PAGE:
Boškailo lost between 80 and 90 pounds during his ordeal, living in terrible conditions, surrounded by people who were interrogated, starved, tortured and killed daily. Sadly, Boškailo knew several of those who were sentenced to death.

Because of his occupation, Boškailo was allowed to live, but his will and dogged determination also contributed to his survival. “I want to tell you something – it’s not only about physical freedom. Emotional freedom is much bigger,” he leaned in and declared. “I am free to talk about every single event because I didn’t do anything bad.”

Boškailo arrived in Chicago, IL. on Aug. 8, 1994. Several members of his family were already in Chicago, arriving via a settlement program. He began to learn English and became editor-in-chief of a monthly magazine titled “Zambak,” the Bosnian word for “lily,” and the flower of the Bosnian independence movement, a symbol to Bosnia much like Che Guevara is a personal symbol for Boškailo. The 50- to 60-page magazine, which circulated in major cities nationwide, was designed to help Bosnian refugees adjust to life in the United States. And Americans chipped in.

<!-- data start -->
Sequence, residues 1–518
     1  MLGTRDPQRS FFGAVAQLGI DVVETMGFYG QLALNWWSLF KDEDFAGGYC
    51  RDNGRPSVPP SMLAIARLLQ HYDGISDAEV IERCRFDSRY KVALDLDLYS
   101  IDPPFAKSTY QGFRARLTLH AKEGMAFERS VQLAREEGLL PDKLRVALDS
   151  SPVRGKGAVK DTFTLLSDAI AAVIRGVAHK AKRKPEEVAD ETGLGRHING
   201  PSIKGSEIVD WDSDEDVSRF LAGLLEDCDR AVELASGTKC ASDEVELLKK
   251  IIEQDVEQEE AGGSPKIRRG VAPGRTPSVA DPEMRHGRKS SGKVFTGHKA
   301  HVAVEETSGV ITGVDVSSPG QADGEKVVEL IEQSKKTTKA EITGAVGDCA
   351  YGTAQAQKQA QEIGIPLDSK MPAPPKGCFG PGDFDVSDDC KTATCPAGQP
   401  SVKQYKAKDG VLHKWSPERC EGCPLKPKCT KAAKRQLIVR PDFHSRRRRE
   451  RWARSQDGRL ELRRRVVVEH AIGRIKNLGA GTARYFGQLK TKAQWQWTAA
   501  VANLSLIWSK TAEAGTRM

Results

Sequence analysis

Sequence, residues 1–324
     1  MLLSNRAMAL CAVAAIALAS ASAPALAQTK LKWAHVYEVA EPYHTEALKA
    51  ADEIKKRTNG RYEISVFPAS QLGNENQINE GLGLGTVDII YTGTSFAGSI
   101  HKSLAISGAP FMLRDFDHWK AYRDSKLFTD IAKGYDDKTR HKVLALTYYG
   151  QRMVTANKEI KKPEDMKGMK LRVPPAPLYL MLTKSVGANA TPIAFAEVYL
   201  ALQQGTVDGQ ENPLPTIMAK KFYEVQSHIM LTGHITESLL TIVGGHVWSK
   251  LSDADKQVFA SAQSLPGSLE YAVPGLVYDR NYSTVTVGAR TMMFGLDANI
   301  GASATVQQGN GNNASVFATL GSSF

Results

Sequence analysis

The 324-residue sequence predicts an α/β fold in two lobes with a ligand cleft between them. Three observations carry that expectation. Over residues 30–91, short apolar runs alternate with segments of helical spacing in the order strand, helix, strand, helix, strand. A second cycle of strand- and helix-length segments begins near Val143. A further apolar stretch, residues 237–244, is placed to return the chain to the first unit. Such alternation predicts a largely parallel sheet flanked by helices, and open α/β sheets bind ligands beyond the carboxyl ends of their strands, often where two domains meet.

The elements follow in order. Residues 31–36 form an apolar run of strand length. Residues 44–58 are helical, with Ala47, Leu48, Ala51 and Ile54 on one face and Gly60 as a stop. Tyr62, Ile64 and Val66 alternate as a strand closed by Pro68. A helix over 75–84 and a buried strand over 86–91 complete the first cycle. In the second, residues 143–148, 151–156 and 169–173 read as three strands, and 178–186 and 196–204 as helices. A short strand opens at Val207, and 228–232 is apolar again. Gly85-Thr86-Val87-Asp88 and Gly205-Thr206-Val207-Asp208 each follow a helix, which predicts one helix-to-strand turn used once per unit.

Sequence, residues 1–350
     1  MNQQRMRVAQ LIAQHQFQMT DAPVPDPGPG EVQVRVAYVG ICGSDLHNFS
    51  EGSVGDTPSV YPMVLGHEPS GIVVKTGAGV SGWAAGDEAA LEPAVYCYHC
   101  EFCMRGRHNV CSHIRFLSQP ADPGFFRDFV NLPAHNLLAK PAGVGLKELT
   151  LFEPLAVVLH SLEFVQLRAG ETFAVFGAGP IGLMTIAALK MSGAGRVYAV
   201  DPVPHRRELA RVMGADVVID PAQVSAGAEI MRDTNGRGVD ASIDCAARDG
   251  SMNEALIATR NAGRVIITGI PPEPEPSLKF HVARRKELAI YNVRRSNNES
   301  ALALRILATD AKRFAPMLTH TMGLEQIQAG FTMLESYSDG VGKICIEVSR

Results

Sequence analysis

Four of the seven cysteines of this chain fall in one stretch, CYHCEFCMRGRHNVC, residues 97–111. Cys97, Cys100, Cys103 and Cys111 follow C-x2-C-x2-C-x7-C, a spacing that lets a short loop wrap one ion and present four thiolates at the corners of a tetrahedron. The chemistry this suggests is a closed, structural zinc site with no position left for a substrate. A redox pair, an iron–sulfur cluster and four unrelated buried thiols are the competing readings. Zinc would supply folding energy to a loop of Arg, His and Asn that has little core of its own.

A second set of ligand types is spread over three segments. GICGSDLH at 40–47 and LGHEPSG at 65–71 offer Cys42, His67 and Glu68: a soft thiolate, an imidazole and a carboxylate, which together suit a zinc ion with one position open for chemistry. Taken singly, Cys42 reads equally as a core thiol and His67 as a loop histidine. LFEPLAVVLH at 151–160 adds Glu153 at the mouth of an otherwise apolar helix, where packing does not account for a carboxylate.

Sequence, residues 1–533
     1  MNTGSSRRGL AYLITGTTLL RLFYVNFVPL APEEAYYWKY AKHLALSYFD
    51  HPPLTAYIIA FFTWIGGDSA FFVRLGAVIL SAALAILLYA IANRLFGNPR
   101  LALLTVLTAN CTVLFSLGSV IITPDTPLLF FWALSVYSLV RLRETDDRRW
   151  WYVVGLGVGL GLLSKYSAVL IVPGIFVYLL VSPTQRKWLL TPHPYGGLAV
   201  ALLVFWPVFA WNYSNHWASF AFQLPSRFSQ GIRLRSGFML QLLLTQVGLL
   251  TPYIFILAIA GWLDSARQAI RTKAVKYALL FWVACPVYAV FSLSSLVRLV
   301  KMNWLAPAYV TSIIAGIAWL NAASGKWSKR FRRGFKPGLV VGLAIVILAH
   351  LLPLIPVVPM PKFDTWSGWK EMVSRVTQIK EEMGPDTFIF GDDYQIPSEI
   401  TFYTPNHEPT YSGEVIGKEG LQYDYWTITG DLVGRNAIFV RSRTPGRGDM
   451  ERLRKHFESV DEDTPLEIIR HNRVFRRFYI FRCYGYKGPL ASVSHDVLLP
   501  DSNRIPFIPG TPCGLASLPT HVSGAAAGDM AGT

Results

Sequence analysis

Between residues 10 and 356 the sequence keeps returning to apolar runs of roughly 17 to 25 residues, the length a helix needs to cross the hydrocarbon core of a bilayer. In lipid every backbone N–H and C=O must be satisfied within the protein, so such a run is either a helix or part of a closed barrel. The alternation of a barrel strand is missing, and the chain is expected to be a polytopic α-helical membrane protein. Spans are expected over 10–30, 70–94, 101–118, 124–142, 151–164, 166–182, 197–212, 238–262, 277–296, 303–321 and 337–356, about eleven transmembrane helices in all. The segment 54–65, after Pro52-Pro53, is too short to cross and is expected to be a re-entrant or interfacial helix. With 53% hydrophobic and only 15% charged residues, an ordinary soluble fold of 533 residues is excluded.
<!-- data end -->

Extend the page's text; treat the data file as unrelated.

“I still remember how to buy a house and how not to buy a house, how to get your kid into college on a scholarship, how to protect yourself, how to buy a car,” Boškailo said.